(Photos Uploaded By Alan Cutts)
Today’s picture is of ROTC cadets on Bowman Field in the early 1970s. To be a cadet during the height of the Vietnam War took real dedication. Clemson's overall ROTC enrollment dropped to its lowest point around this time, but started to increase by the late 1970s. In 1980, Congress revamped the ROTC program which also helped increase the enrollment.
Clemson's Army ROTC, Military Science, was established as an integral part of the academic curriculum of Clemson University beginning in 1893 with the institution's first full time academic year of operation. Clemson's long association with Army ROTC began in the context of a Military College with an all male corps of cadets.
On April 6,1917, the United States declared war on Germany, and Clemson's senior class volunteered to President Wilson en masse. A total of 1,549 served and 25 were killed in the line of duty. Medals of Honor were presented to Ensign Daniel Sullivan and Sergeant Evans Foster.
During World War II, Clemson supplied more Army officers than any other institution except for Texas A & M. A total of 6,475 served and 370 were killed in the line of duty. A Medal of Honor was presented to LTC Jimmy Dyess a member of Clemson's Class of '31.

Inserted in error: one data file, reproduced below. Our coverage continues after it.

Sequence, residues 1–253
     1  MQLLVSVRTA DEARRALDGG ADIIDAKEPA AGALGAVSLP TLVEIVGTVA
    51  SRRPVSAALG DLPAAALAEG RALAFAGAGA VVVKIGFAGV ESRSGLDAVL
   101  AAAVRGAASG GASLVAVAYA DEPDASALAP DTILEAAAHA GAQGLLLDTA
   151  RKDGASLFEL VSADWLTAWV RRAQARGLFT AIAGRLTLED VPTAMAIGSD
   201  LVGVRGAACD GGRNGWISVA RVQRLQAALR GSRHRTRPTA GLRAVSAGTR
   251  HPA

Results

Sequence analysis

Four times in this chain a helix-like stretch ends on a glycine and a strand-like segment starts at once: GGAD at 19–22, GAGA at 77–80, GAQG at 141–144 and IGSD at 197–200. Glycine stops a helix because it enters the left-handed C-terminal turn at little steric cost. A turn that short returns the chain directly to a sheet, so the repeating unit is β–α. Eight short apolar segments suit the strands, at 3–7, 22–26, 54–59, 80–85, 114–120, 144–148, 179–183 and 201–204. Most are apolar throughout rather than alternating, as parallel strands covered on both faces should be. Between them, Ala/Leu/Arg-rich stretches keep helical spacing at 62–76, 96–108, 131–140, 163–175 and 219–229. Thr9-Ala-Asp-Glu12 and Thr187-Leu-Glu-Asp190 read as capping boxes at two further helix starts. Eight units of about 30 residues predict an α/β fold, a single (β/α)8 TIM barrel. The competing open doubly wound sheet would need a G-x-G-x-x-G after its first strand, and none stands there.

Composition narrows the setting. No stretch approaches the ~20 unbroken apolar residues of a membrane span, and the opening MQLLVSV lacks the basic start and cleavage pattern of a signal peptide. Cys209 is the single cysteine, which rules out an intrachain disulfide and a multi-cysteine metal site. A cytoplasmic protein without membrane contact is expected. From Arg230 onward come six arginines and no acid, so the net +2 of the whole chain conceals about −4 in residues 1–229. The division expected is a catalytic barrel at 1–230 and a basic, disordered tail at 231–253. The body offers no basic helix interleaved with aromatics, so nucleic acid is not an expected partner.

In 1955, the trustees of Clemson College took steps toward becoming a full university resulting in the Corps of Cadets being abolished. The ROTC basic program remained mandatory for only freshmen and sophomore males until 1969. ROTC became fully an elective program in 1971 and opened to women.
Three years later, the Clemson had its first female leadership officer commissioned. The Army ROTC has remained an elective program for all classes since that date.
Clemson ROTC offers a general military subject curriculum. This enables the program to produce officers available for a wide variety of Army assignments in most branches.
At present, both the two year and four year programs are offered as a part of the Army ROTC curriculum. This curriculum is a viable academic career program for both men and women students who desire entry into the Active Army, Army Reserve, or Army National Guard as a Commissioned Officer.
See recruiting video from Clemson Army ROTC from 1984 below:
Clemson Air Force ROTC, or aerospace studies, has a rich history dating back to World War I. With the National Security Act of 1947 establishing the Department of the Air Force, Clemson’s Air Force ROTC Detachment was created. Year after year, Detachment 770 is named one of the nation’s top medium-size detachments. Detachment 770 gives men and women the opportunity to become Air Force officers while completing their degrees.
Scott Rhymer can be reached at email@example.com
Credit to www.clemson.edu